Not for the first time, Maggie wished she could talk to her grandmother at
least once. Little Rock, Arkansas
With the news about people being able to converse across long distances with something called the telephone, someday she might talk to her that way. But Maggie wanted a face-to-face meeting. Knowing another dress designer would keep her from feeling like such a misfit. Mother kept reminding her that she didn’t really fit the mold of a young woman of their social standing in
At least, Daddy let her do what she wanted to. She didn’t know what she’d do
without him to offset Mother’s insistence, which was becoming more and more
According to Aunt
Georgia, the business Grandmother
Carter started was still going strong, even though her grandmother had to be
over sixty years old. Maggie planned to go visit her relatives in Arkansas, so she could
tour the company. She hoped her journey would happen before she was too late to
actually meet Agatha Carter. Her deepest desire was to follow in her
grandmother’s footsteps, since she had inherited her talents.
The sound of ripping tore through her thoughts. Aghast, she turned to catch her mother decimating her sketch. She lunged toward the paper, trying to save it, but Mother held the sketch just out of her reach.
“What are you doing?” Tears clogged her throat, but she struggled to hide them.
Dribbling the tiny pieces into the ornate wastepaper basket beside the mahogany desk, her mother looked up at her. “Just throwing it away. You had already ruined it anyway.”
Anger sliced through Maggie’s heart, leaving a jagged trail of pain. She still wanted to keep the sketch. She could use it while she created another. Her plan was to ask her father to help her surprise Mother. The design would set off her mother’s tall stature and still youthful figure. She planned to ask him for a length of the special blue satin brocade that would bring out the color of Mother’s eyes. The dress would make Mother the envy of most of her friends when the winter social season started in a couple of months. Now she’d have to begin the drawing all over again. So many hours of work and her dreams torn to shreds.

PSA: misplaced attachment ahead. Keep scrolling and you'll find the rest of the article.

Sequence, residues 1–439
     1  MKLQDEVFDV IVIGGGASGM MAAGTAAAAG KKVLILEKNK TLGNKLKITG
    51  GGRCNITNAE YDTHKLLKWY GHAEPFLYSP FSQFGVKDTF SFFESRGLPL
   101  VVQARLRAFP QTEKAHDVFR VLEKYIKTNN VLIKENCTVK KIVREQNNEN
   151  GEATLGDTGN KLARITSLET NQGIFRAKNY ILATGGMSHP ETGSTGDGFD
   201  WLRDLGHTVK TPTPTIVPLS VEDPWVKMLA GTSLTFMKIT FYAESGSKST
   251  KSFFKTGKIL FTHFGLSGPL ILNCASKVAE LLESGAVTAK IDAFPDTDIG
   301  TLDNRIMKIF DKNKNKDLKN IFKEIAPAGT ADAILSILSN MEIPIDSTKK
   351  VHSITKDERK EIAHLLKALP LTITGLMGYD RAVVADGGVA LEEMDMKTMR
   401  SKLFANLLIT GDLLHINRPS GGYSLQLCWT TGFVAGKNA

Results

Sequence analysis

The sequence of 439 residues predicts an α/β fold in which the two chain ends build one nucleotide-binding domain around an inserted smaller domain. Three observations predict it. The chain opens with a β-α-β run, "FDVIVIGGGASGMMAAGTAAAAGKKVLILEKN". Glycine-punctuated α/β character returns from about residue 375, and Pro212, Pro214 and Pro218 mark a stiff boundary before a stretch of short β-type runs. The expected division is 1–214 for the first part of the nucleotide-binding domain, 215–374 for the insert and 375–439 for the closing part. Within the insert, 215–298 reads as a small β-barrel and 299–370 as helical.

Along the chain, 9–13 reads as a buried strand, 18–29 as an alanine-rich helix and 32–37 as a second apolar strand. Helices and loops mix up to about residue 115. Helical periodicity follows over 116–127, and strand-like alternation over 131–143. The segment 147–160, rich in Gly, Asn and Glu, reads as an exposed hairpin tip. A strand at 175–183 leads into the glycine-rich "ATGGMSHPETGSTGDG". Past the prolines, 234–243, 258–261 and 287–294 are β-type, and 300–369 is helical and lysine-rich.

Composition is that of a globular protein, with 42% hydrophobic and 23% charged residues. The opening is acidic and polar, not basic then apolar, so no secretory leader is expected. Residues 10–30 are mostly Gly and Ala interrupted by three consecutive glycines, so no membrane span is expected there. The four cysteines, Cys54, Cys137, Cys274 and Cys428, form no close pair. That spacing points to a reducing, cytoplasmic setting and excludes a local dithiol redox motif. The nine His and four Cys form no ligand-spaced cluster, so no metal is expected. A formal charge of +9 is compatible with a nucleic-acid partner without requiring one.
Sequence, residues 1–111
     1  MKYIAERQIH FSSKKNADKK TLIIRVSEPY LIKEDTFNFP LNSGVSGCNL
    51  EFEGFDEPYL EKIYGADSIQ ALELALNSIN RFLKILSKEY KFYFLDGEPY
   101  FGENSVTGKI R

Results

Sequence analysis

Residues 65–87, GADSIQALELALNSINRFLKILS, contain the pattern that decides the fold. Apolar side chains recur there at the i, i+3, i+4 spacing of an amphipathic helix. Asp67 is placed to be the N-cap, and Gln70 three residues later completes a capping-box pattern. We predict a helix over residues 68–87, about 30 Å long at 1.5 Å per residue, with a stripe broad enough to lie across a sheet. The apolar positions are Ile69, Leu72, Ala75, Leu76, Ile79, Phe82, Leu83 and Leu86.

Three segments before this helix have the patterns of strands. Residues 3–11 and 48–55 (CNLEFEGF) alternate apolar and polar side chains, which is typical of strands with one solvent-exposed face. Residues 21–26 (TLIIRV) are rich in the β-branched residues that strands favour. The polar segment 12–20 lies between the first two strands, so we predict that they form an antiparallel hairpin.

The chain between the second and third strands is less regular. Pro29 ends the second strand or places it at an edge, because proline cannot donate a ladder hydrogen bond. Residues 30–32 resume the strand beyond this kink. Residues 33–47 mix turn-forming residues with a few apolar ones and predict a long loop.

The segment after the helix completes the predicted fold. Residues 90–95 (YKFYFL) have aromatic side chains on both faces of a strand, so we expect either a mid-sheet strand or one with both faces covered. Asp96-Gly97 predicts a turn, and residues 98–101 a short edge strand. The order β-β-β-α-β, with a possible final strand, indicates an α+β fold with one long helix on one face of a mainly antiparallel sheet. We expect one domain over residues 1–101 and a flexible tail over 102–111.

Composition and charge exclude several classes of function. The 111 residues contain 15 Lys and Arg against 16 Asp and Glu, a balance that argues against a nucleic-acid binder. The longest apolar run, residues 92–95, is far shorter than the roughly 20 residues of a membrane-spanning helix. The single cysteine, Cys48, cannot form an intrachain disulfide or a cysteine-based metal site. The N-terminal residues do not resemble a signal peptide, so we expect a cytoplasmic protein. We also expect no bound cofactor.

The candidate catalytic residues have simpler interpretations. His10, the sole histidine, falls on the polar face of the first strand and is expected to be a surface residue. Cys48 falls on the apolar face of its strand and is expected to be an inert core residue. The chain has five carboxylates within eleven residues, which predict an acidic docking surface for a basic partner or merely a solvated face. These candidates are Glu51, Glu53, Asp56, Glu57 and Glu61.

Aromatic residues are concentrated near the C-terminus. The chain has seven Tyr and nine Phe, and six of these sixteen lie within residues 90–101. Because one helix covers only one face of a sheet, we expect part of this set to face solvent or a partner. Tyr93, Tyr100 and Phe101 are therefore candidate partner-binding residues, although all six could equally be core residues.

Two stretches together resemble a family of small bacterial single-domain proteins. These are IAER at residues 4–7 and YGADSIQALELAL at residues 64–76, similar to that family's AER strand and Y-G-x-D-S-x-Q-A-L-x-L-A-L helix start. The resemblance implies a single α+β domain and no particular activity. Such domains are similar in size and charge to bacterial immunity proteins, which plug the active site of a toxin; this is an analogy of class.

“Darling.” That syrupy tone Mother used when she was trying to make a point grated on Maggie’s nerves. “When are you going to grow up and forget about your little pictures of dresses?”
Little pictures of dresses? The words almost shredded the rest of Maggie’s control. She gripped her hands into fists and twisted them inside the folds of her full skirt.
They’d had this discussion too many times already. She gritted her teeth, but it didn’t help. In a few days she would be eighteen, old enough to make decisions for herself. Whether her mother agreed or not.
She stood as tall as her tiny frame would allow her. “Those aren’t just ‘little drawings,’ Mother. I am going to be a dress designer.”
The icy disdain shooting from her mother’s eyes made Maggie cringe inside, but she stood her ground.
“Margaret Lenora Caine, I am tired of these conversations. You will not become a working girl.” Mother huffed out a very unladylike deep breath. “You don’t need to. Your father has worked hard to provide a very good living for the three of us. I will not listen to any more of this nonsense.”
--Lena Nelson Dooley
--Lena Nelson Dooley